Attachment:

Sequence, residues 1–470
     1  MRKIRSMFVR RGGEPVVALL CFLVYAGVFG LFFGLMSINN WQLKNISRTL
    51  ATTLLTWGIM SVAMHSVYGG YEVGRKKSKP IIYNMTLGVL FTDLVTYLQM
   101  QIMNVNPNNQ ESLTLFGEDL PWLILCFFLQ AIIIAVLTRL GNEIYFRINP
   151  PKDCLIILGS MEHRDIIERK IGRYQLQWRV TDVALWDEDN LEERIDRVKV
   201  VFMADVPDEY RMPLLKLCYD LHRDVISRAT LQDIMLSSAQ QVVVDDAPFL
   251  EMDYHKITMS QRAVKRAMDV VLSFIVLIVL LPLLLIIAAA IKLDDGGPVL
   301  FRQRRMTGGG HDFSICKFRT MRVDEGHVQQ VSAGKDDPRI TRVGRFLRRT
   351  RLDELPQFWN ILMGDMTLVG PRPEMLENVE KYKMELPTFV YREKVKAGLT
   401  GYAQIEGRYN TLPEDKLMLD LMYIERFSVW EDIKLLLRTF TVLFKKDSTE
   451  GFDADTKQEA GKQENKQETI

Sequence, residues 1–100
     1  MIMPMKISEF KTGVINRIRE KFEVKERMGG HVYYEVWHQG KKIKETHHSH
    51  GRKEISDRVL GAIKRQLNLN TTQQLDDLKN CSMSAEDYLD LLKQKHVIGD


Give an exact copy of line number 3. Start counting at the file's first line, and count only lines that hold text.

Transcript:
    51  ATTLLTWGIM SVAMHSVYGG YEVGRKKSKP IIYNMTLGVL FTDLVTYLQM